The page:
Foiled again: Candela's C7 "flying boat" blows electric range figures out of the water
Batteries are taking their sweet time to improve, but Sweden's Candela isn't waiting around. This company has built a clever, low-drag hydrofoiling boat that barely touches the water, giving it a super-smooth, efficient ride and three times the range of other electric boats. The C-7 is already in production, having passed Swiss certification tests the company describes as the world's toughest. With its automatically actuating hydrofoils and electric propulsion system, it's a unique and seriously practical configuration that's much more than an eye-popping novelty.
Hydrofoils, of course, are primarily designed for efficiency. As they rise up out of the water, they reduce hydrodynamic drag to a fraction of what the hull normally causes. That's handy on a gasoline-powered boat, but an absolute game-changer for an electric; gasoline carries so much more energy per kilogram than lithium batteries, and boats use so much more energy than cars to drag themselves through the water, that electric boats have been seriously range-restricted as a result.
By incorporating hydrofoils, the Candela C-7 achieves a top speed of 30 knots (35 mph, 56 km/h), and a range of 50 nautical miles (57 miles, 93 km) at 22 knots (25 mph, 41 km/h) on a single charge of its 40-kWh battery. That might not sound like a ton, but Candela says it's about three times the range that other electrics on the market can offer. There are others that go further – the Sarvo 37, for example, can go 100 nautical miles (114 miles, 186 km) for twice the range. But it uses a colossal 350-kWh battery, nearly nine times the size of the C-7's, to get there.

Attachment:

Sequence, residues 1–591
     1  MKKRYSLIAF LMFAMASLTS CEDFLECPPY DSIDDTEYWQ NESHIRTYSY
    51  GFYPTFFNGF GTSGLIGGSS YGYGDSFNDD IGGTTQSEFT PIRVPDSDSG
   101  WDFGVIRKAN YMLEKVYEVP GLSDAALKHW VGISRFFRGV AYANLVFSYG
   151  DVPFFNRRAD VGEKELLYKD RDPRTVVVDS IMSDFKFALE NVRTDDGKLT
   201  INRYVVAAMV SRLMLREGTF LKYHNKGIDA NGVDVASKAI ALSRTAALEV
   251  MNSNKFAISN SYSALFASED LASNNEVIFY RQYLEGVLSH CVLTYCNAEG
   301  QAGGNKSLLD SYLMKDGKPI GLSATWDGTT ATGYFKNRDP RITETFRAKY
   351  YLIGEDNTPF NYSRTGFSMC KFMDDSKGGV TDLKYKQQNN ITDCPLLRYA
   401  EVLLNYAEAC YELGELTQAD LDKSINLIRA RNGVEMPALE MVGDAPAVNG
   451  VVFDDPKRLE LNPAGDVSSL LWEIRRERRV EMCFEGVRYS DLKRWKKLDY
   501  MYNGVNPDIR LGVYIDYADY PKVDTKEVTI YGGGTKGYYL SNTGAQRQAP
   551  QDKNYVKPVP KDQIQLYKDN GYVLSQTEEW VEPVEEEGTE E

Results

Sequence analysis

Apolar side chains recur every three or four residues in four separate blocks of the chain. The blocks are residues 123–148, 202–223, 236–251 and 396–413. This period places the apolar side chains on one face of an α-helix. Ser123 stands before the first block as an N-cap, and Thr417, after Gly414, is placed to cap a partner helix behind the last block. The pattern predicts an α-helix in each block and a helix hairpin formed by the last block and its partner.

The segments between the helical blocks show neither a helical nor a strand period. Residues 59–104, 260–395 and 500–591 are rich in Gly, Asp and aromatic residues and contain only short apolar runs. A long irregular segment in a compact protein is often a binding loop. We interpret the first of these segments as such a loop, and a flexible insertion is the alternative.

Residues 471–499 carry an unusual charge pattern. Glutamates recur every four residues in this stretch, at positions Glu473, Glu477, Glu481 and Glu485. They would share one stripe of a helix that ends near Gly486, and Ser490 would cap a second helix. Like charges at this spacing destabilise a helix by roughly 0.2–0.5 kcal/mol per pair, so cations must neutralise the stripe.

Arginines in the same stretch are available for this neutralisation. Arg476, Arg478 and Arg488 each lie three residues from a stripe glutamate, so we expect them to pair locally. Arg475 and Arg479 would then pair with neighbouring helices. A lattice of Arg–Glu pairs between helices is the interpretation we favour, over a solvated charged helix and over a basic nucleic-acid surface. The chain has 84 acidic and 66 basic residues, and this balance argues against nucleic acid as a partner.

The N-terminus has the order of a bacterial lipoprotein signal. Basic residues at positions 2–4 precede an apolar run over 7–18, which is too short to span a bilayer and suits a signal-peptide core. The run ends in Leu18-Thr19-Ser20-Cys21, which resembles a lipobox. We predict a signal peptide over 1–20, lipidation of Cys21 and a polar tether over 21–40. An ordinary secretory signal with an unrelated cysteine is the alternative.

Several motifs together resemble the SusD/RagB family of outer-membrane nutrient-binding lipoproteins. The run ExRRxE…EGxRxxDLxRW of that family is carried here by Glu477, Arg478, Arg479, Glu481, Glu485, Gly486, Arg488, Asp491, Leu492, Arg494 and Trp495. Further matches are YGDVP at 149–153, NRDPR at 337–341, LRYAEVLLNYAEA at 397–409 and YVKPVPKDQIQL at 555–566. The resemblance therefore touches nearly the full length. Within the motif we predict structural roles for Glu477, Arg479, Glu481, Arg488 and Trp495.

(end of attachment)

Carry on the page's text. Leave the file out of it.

Efficiency is not the only benefit here; the C-7 is virtually silent in operation, and even at speed it leaves a tiny 5-cm (2-in) wake compared to a regular boat; both of these factors will be appreciated by wildlife and other water users alike.
And its ability to rise above the water level makes it a much smoother ride in choppy conditions than a regular boat; the hull won't get a smack from a wave less than 1.1 m (3.6 ft) high, so you can glide along in silent serenity as your buddies in a standard boat get thumped and bumped all over the place. This will be an amazing machine for taking video footage from.
The system is not simple, though. The boat has to fit on a trailer, and also needs to operate in shallow water, so Candela had to make the carbon-composite foil system fully retractable. The front foil is simple enough, pulling back into the body of the boat on electric actuators. The rear foil is more of a challenge; the custom-designed propulsion unit hangs beneath it, and the whole thing is connected back up to the outboard motor – well, what would be the outboard motor if that's where the motor actually sits.
Either way, that big outboard unit has to tilt up a long way to get the prop out of harm's way in the shallows, so the whole thing is mounted on a big hydraulic arm as well as a tilting system.
Hydrofoils are also tricky to fly, and in order to make the C-7 simple to pilot, Candela has had to design its own in-house "flight control" system. Using ultrasonic sensors, gyroscopes, accelerometers and GPS, the C-7's digital flight controller automatically adjusts the angle of the foils 100 times per second to keep things smooth, safe and pointed in the right direction.
It ain't cheap; Candela sells these things for around US$240,000. But the experience will be pretty amazing, it's a very clever way to pull vastly more range out of a battery, and all eyes will certainly be on the C-7 the second it rises up out of the water. Candela is offering test drives now, including in Venice, where Candela says its boats can significantly reduce the wake pollution that is responsible for damage to the city's buildings.
Check out a video below.
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While interesting the water has too much c-rp in it to clog or break the foils and faceplanting the boat.
Nor is the performance all that as not hard to design, build a cat or tri to match it.